SHTF Plan 
September 19, 2012
May we all be as prosperous as 69 year old prepper Walter Samaszko Jr., who was recently found deceased in his Nevada home.
Likewise, may we all be as tight-lipped about what we’ve got in our stockpiles.
When police entered his home after calls from concerned neighbors they were surprised to discover some $7 million worth of gold.
The operational security surrounding his stash was top notch, as not a single person had any idea what was hidden in his garage, throughout his house, and buried in his yard.
They found gold in boxes in the garage — lots of gold.
“At that point, we took the house apart,” Glover said.
That included a thorough search of the house itself, the crawl space beneath as well as a search of the entire yard using a metal detector.
Glover said they found box after box of gold coins and bullion, all neatly wrapped in aluminum foil and plastic cases.
“There were dos-pesos smaller than a dime, five-peso coins, $20 gold pieces, gold sovereigns, Austrian ducats, Krugerrands; you name it, (he) had it.”
Based on just the weight of the gold alone, Glover said he estimates the value of the gold at about $7 million but that, since some of the coins appear to be collector’s items, it could go much higher. Some of the English Sovereigns, he said, date to the 1840s. He is hiring an expert to value the coins.
How much gold? Enough that it took Glover two wheelbarrow loads to move it, enough that the boxes make a pile 2′ by 3′ by 21⁄2′ tall.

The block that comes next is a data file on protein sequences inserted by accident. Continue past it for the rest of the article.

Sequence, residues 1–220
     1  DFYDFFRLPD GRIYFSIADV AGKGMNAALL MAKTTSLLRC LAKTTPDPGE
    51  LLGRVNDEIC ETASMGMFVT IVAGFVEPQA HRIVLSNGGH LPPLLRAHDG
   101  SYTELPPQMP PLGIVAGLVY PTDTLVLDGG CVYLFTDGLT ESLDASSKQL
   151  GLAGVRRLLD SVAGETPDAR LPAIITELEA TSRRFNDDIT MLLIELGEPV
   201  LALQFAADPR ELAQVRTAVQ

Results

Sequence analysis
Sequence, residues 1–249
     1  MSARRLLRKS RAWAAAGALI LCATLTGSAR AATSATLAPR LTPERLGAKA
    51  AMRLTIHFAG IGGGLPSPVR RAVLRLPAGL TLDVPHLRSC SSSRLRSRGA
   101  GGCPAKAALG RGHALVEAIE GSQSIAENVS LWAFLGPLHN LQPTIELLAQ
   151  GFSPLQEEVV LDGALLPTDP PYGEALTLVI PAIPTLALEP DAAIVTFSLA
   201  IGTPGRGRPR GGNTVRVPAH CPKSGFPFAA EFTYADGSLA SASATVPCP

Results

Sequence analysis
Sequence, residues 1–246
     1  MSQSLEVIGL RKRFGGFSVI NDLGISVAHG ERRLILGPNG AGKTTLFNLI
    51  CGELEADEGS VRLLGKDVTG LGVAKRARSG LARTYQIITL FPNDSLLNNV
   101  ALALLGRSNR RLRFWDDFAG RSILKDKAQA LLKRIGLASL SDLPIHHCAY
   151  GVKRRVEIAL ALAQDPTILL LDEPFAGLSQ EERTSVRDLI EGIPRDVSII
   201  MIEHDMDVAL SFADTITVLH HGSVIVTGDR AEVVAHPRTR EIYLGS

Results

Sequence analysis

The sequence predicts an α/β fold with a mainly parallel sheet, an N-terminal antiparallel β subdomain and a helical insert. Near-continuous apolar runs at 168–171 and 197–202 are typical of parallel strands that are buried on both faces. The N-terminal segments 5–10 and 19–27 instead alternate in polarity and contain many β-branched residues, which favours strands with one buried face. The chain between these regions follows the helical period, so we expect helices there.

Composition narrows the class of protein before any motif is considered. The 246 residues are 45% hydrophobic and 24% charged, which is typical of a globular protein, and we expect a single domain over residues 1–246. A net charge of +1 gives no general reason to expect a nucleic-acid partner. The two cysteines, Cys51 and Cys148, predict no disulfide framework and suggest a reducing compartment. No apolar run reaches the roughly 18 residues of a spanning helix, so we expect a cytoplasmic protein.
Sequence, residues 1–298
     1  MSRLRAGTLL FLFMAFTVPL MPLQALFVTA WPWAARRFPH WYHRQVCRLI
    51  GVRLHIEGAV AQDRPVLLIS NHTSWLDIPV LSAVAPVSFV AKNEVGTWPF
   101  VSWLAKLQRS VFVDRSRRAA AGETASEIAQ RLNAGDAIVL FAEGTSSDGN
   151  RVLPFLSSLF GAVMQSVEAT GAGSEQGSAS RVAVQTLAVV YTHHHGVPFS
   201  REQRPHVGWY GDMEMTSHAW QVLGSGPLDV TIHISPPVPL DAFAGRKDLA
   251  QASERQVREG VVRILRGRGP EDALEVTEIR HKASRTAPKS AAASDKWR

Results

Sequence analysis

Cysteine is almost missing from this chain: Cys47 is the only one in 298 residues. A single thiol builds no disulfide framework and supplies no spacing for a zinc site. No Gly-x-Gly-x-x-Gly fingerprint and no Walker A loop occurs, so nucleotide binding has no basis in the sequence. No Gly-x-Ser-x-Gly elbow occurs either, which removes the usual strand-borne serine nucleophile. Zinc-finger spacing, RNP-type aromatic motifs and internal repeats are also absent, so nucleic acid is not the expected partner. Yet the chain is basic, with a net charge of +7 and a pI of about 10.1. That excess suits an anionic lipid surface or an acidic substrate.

Nevada Appeal 
“Nobody had any clue he was hoarding the gold,” Glover said.
Of note is that Mr. Samaszko has been identified by the Nevada Appeal as “anti-government” – often a typical label given to those who are liberty minded and willing to explore non-traditional ideas.
Not only was he hoarding wheelbarrows of gold, but he was also stockpiling food and weapons:
Samaszko was “anti-government,” a recluse and a hoarder.
“He never went to a doctor,” he said. “He was obsessed with getting diseases from shots.”
There were a few conspiracy theory books in the home along with several guns, and supplies including dozens of cans of tuna and salmon among other things.
While he never needed to dig into the emergency food larder and self defense stockpiles, Samaszko had lived off the gold he and his mother purchased in the 1960′s. At that time, gold was pegged at $35 per ounce.
With the gold valued at current market price, there were roughly 4,300 ounces in his home when he died. At 1960′s prices, the original investment (not including numismatic value) would have been about $150,000.
By all accounts, Samaszko was his own central bank and totally independent of the system.
Despite being dismissed as an anti-government recluse by mainstream reporters, he probably lived a good life, especially if you consider that he hadn’t worked a traditional job for over forty years.